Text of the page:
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Cyberbullying on YouTube: Six Things All Parents Should Know

Last Updated: October 29, 2020

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Between the entertainment, marketing and sharing advantages that it offers, we can all agree that YouTube is a fantastic service. But in today’s world it either takes a lot of bravery, a huge desire for attention or a lot of ignorance to post a video of yourself on YouTube.

Cyberbullying has highlighted something that we’ve all known for a long time: Not everyone on the Internet is nice. As an online community, YouTube is no exception to cyberbullying and Generation Y is no stranger to this reality. In fact, they know it better than their parents do. However, today’s youth may be more inclined to deal with those cyberbullies or overlook the risk entirely as they see avenues like YouTube as a way to seek social acceptance, take a stance on something they believe in or simply to vent.

With over a billion daily users, it’s important that your family knows the best ways to avoid and deal with cyberbullying on YouTube. Here are six good practices and solutions to keep in mind.

1. If your child is under 13 they shouldn’t have a YouTube account.

In compliance with a very important children’s privacy law, COPPA, users must be at least 13 years of age to register for a YouTube account.  Signing up for an account when your child isn’t 13 puts their online privacy and safety immediately at risk. Your children and teens can still enjoy YouTube without being a member; just be sure to turn on YouTube Safety Mode.

2. Don’t use YouTube to let off steam.

There are better ways for your child to express their frustration than recording themselves and posting it on YouTube.  Video blogging (vlogs) is something a lot of young people do on YouTube, and on a regular basis. After so many “successful” vlogs, it’s easy to gain some trust in the YouTube community and think that letting off a little steam might be greeted with community support, but that’s not always the case. All it really takes is an opinion that someone else doesn’t agree with and there’s a good chance rude comments will come flooding in.

3. Use YouTube’s privacy settings

The settings that YouTube makes available to their users are not only helpful, they’re comprehensive. You can prevent people from embedding your video on other websites by disabling video embedding, you can disable commenting, which is a huge cyberbullying-avoidance tool as most harassment on YouTube takes place right in the comments thread, and you can determine the overall visibility of your video by choosing from one of the three privacy settings:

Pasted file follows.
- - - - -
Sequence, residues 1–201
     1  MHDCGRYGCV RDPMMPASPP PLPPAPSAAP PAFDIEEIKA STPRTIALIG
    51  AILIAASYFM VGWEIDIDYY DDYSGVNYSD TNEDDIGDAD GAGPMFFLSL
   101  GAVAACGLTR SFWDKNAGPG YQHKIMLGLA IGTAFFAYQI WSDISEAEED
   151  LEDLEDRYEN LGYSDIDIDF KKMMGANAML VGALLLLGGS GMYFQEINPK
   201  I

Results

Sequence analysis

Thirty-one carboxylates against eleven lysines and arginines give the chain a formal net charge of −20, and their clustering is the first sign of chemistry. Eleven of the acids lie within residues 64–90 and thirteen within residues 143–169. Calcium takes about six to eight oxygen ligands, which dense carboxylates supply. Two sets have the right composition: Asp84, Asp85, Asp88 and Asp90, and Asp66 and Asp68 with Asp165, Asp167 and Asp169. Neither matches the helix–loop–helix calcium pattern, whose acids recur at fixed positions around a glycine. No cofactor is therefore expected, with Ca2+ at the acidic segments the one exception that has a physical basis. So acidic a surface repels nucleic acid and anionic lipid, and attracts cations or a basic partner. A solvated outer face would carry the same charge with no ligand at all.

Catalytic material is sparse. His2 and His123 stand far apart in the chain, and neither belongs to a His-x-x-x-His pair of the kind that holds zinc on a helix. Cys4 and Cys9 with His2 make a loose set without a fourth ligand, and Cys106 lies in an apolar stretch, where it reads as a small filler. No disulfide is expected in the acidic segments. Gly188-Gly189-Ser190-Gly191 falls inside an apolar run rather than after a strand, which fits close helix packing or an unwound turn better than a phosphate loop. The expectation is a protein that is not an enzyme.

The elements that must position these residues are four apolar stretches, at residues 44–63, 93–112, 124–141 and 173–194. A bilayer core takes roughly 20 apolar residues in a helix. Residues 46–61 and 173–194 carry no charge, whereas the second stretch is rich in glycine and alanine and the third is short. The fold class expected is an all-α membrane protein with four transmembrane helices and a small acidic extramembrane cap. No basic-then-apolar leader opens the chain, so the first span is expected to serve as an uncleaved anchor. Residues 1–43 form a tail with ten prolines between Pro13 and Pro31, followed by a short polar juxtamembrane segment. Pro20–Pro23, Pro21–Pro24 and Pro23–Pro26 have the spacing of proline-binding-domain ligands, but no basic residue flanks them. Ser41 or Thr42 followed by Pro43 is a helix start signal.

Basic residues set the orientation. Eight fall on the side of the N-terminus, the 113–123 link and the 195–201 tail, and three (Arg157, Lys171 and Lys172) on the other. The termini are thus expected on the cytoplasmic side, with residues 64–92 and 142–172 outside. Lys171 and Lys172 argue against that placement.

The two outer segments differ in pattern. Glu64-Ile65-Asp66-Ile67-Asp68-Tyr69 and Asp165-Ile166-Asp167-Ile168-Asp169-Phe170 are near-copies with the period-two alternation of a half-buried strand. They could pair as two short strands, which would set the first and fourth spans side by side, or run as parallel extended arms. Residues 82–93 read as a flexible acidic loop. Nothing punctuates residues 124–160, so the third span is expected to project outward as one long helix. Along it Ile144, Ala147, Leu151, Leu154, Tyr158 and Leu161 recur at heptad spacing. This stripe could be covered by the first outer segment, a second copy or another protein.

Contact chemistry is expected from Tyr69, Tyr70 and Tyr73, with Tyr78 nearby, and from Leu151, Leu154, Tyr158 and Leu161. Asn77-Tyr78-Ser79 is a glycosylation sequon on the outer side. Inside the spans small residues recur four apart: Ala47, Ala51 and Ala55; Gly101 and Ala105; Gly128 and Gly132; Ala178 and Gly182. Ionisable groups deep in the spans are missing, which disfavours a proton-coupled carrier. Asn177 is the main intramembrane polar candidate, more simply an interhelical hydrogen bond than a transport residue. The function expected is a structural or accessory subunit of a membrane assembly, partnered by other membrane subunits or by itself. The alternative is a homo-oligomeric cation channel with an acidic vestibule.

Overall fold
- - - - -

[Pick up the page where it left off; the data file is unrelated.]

•  Public – Anyone can search for and view this video
  • Unlisted – Only people with a link to your video can watch it
  • Private – Only specific people you choose can view the video

4. Never, ever respond to the bully

A response is the only thing they want out of your child, and if they give it to them, well, then, the bully has already won. Instead, take a screenshot the bully’s comment and then delete it. Then go to  the bully’s YouTube channel, click on the drop down arrow next to their username in the right panel and select Block User. Blocking a user will stop them from making comments on your child’s videos or Channel, as well as stop them from being able to contact you through private messages.

5. Use YouTube’s reporting tools

If, for a child, the cyberbullying has escalated to something worse such as video manipulation or unauthorized sharing of your video, it’s always best to tell a trusted adult so they can contact the website operators. That being said, YouTube’s reporting tools can prove to be very useful in cyberbullying situations that get out of hand.

6. Never use personally identifiable information

Using personal information on any website is almost always a bad idea. Though YouTube only allows you to enter the city and country you live in, users can customize their “About this channel” section to say anything they want about themselves. YouTube also gives users the option to sync their Facebook, Twitter and Google+ profiles to their channel. If cyberbullying is something you or your child has dealt with on YouTube in the past, it’s best to stay away from this option as it only creates more opportunities for a bully to continue the harassment on those networks.

Mary Kay Hoal is a nationally recognized expert on children’s online safety. She is the founder and president of Yoursphere Media Inc., which focuses on the family and publishes the kids social network Yoursphere.com. Mary Kay also offers parents Internet-safety information and tips at YoursphereForParents.com. She has been profiled on CNN, Fox & Friends, FOX Business, E!, Lifetime TV, ABC News Now, and The Reader’s Digest. Mary Kay is also part of the “Web Avenger” team for ABC’s 20/20.

In 2012, Mary Kay founded The Yoursphere Media Foundation and Coalition for Internet Safety Education and Reform (FCISER), which is dedicated to creating a network of community educators that provide children, their parents, schools and communities, with the necessary skills, knowledge and tools they need to have a positive and safer digital experience.

Mary Kay has also been published on sites such as DrLaura.com, Yahoo! Shine and ABC News where she’s able to reach millions of parents. For more information visit www.marykayhoal.com.


  • Comments on: Cyberbullying on YouTube: Six Things All Parents Should Know
    1. laura petropoulos

      this information is wrong, when you block a user they can still do bad stuff, and reporting is ignored, and this year of cyberbullying on youtube was started by GOOGLE buying youtube.

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